Are Veteran Free Agents the New Moneyball Players?

Moneyball's real message, even nearly ten years on, is still widely misunderstood. High-OBP players or college draft-picks were not so much the disease, but the symptoms, as it were. The A's might have loved to win with all around athletes who could do everything well, including hit for a high batting average, but they couldn't afford those players. As OBP became properly valued, the A's started to get priced out there as well, which is why by the middle of the '00s they were one of the first teams to go all-in on defense.

The other major developments of the last decade included a precipitous decline in the middle tier of the free agent market and a related increase in how teams valued young players and prospects. To be sure, there have been exceptions here and there, but the truly hideous free agent contracts of the 1990s and early 2000s are rarer and rarer now. So are the exciting and potentially disastrous veteran rental for top prospect deals.

Which brings us, as everything does, back to Jeff Francoeur (and actually Melky Cabrera too).

The Royals signed Francoeur to a one-year $2.5 million dollar contract. Cabrera was even cheaper, signing for $1.25 million. No one really liked these contracts.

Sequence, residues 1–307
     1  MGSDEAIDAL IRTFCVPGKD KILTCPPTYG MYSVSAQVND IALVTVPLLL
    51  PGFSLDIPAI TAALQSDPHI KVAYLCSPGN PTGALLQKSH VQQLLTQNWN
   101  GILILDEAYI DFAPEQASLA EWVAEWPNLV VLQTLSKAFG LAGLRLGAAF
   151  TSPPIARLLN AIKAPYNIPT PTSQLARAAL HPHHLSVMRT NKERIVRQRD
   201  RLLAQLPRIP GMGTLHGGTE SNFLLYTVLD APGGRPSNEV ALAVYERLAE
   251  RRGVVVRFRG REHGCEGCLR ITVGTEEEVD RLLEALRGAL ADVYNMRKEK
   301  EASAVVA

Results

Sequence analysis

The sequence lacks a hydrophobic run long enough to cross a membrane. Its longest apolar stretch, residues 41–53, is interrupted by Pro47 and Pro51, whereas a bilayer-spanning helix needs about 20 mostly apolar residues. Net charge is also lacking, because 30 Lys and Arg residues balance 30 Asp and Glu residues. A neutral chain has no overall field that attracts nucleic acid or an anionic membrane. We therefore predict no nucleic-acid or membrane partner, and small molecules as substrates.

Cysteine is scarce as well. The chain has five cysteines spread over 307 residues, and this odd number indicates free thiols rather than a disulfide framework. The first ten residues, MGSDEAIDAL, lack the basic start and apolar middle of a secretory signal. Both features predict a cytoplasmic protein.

Leaving the Francoeurness of Francoeur aside (he's borderline impossible to write about anymore) the price for these two players was certainly fine. Aside from not thinking either player was going to be very good, my biggest problem was that neither was part of the team's future. Of course, since this spring, the Royals have extended Francoeur and neglected to trade Cabrera, apparently happy to bring him back for his last arb-eligible non-FA season in 2012.

Many of us would rather see the Royals go with Lorenzo Cain, but why? Is Cain a good bet to be much better? Is it the mere small chance that Cain blossoms? Does Cain's $400,000 salary make a difference? Actually, on the money part, probably.

Anyway, you can see how this is a hideously written post. What I'm trying to get at, with some local examples, is the broader discussion of what kinds of players are valued properly on the market. I've been wondering for a few years if prospects were getting over-valued. That the greater certainty of veteran players -- something that was once mock-worthy on the internet -- doesn't have some value. We spend forever talking about minor league guys that usually don't work out. Earlier this week, I read a piece taking the Giants to task for the Beltran-Wheeler trade, in part, because Wheeler had good numbers in Single Effing A. I get that Wheeler is a bright young thing, but seriously... he's a pitching prospect.

Of course, the financial aspect is relevant here. The Royals can't afford to go Francoeur at 10 different positions, especially not when Dayton is going to rip up the contract and kill the bargain at first opportunity should it arise. In any case... what do you guys think?

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